Ady had a spare distributor - the offending part - and was able to transplant it in a flash. Plus, after many choice words, aimed mostly at the engine, he also plugged the hole between the exhaust and the engine without having recourse to major surgery.
I could have wept with gratitude. Instead I made a contribution to their beer fund. They certainly deserved it for their speed, cheerfulness and general can-do manner. If you ever have a VW van that needs attention, Ady is your man. I would show you a photo of Ady smiling for the camera, but I didn't want to disturb him. So here he is in his natural habitat:
And here's a rear view.
The van now purrs along, which is lucky, as I am now in Devon, which makes Dorset look flat.

And if anyone has van problems anywhere in the south of England, or wants to buy a reconditioned VW (not mine!) head to Throop, and ask for Ady.

Tuesday, 9 March 2010

Flat Day Fun

I always associate the phrase Flat Day Fun with erstwhile surf queen Jo C. For the surfer it's a phrase heavy with irony, and possibly even an oxymoron. If it's a flat day, by definition it's not fun.

Faced with a flat sea, I tried the age-old surfer trick of staring at the horizon, trying to will waves into existence. It failed. So I decided to entertain myself by going roller-blading, something else I associate with Jo C. In the event, I suspect I mostly entertained the inhabitants of Boscombe. Like having a dog or a young child, roller blades seem to be an excuse for strangers to talk to you. Which is fine if you're walking the dog or strolling a child, but a little less welcome when you're wrapped around a lamp post.
I borrowed the blades from my Dad, who used to bring Vienna to a standstill every morning as he sped around the city. Think The Third Man, Orson Welles on wheels. Orson Wheeles, in fact.

The Boscombe Sainsbury's is fine, but they need to rethink their book and fish marketing, which is sending out contradictory messages.
Talking of Harry Lime, after Boscombe I headed to Lyme Regis to meet David the Diplomat. It was still flat, so we searched for fossils, got caught in bracken and drank.
This is David sitting on several dozen fossils, all of them 150 million years old.

After a charming meal at the Harbour Inn, I have finally came to the conclusion that scallops are over-rated. The only way to eat them is barbecued in Barra.

This is me, sitting on a sofa that is also about 150 million years old. As you can see, I have decided to put myself up for adoption.
No takers so far.

Thursday, 4 March 2010

Back again. Again.

The week in Barcelona turned into two weeks in Barcelona. Most of it, especially the first week, were spent with Gabi Delillo's family in Sabadell, where Gabi was fighting for her life in intensive care. I'm happy to say that after several days on life support, she is now recovering well. Here's hoping she continues to make rapid progress, and will be able to come back to Europe fit and well sometime soon. And I have nothing but respect for the doctors and nurses at Parc TaulĂ­ hospital.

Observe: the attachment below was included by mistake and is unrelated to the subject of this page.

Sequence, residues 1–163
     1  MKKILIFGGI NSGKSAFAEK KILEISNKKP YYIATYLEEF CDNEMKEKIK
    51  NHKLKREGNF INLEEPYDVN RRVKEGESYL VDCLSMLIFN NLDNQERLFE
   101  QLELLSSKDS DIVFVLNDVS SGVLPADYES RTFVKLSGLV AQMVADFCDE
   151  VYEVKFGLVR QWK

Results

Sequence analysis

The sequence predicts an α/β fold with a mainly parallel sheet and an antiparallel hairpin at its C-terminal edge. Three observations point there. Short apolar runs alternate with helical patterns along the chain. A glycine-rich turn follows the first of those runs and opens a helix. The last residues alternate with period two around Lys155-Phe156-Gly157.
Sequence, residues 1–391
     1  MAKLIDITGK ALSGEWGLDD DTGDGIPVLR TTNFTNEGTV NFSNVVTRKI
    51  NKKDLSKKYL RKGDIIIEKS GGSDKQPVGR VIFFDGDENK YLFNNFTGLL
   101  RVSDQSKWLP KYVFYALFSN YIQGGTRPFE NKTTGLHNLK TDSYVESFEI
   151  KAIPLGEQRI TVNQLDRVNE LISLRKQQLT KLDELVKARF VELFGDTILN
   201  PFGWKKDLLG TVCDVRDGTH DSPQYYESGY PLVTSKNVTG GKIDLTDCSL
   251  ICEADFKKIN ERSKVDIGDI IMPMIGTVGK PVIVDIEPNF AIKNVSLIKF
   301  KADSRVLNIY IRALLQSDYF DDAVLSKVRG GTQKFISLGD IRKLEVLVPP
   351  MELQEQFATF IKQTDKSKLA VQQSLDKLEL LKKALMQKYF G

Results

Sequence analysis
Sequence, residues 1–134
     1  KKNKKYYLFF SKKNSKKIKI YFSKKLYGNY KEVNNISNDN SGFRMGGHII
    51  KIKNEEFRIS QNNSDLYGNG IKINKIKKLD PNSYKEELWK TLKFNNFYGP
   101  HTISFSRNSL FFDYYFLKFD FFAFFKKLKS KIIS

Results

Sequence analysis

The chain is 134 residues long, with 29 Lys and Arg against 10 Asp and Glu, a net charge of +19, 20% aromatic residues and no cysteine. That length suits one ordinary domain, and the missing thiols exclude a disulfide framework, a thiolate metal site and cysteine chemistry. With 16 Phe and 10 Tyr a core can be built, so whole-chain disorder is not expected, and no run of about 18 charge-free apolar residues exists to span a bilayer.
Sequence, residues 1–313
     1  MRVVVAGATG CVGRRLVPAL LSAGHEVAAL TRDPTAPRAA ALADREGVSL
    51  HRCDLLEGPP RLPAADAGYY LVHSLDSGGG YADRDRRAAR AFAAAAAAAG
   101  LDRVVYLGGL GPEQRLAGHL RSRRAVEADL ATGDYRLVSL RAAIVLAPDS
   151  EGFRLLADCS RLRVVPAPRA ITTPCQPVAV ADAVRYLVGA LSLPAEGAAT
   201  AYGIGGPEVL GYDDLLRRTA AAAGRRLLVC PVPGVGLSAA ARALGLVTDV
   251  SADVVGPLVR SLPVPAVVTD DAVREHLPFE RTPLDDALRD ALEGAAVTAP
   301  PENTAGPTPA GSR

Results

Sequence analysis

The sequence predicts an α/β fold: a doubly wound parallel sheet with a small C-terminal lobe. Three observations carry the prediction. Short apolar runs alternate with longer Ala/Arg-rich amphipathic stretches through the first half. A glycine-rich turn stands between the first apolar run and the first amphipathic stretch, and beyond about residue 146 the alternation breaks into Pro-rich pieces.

Inevitably, the day I arrived, Barceloneta was kicking off. The kind of twice-a-year conditions that keep Catalan surfers happy but hungry. And there was no one in the water! Maybe they were all at El Masnou. Or maybe rumours of the death of surfing in Barcelona have not been over-exaggerated after all.
The photo doesn't do justice to the great waves that were breaking opposite Hospital del Mar - not a beach that is surfed often. Or even ever. But it wasn't the time for surfing.

By the time I returned to Barceloneta ten days later, there was the hint of groundswell that suggested there were waves to be had in Sitges or Montgat. But again it wasn't the time. Instead here's a picture of Nuria up in the mountains. OK, it's not quite surfing, but it's the next best thing. Sorry, the second next best thing.
So now I'm back in Britain, picking up the trail in Bournemouth, at Boscombe Pier.
OK, technically in Boscombe, not Bournemouth at all.

The swell is easterly, so the new artificial reef isn't working, which is a shame. Though the charming RNLI life-guards tell me that it's more of a body-board wave. I.e. it's fast and ugly. Perhaps just as well it's not South-Westerly. I don't want to break a board.

Last night was chilly - just above zero, I suspect. But today, the sunshine makes it positively spring-like. Shame about the bitter wind. But at least there's a chance of drying out my wetsuit between surfs. There's nothing as clammy as a wet wetsuit. And nothing less enticing before a surf session.
The waves were very reasonable. Shame I'm so out of condition. But I caught one fabulous left-hander that walled up nicely at about shoulder-height, and peeled off towards the beach. And the other guy in the water - whose name I didn't catch - had the good manners to realise he'd dropped in on me, and kicked out**. One of the best waves I've had for months. Since Yorkshire in early December, if we're going to be precise. And great to surf it all the way to the end - an occurrence that isn't as common as it should be!
**(If there are any none-surfers still following this most infrequent of blogs, the above sentence means he started surfing the wave ahead of me when I had priority, realised his lapse of etiquette, and promptly removed himself from my path, so the wall of the wave didn't collapse before I reached it. Very decent of him, and he should be applauded for it. Many surfers would shrug and surf on.)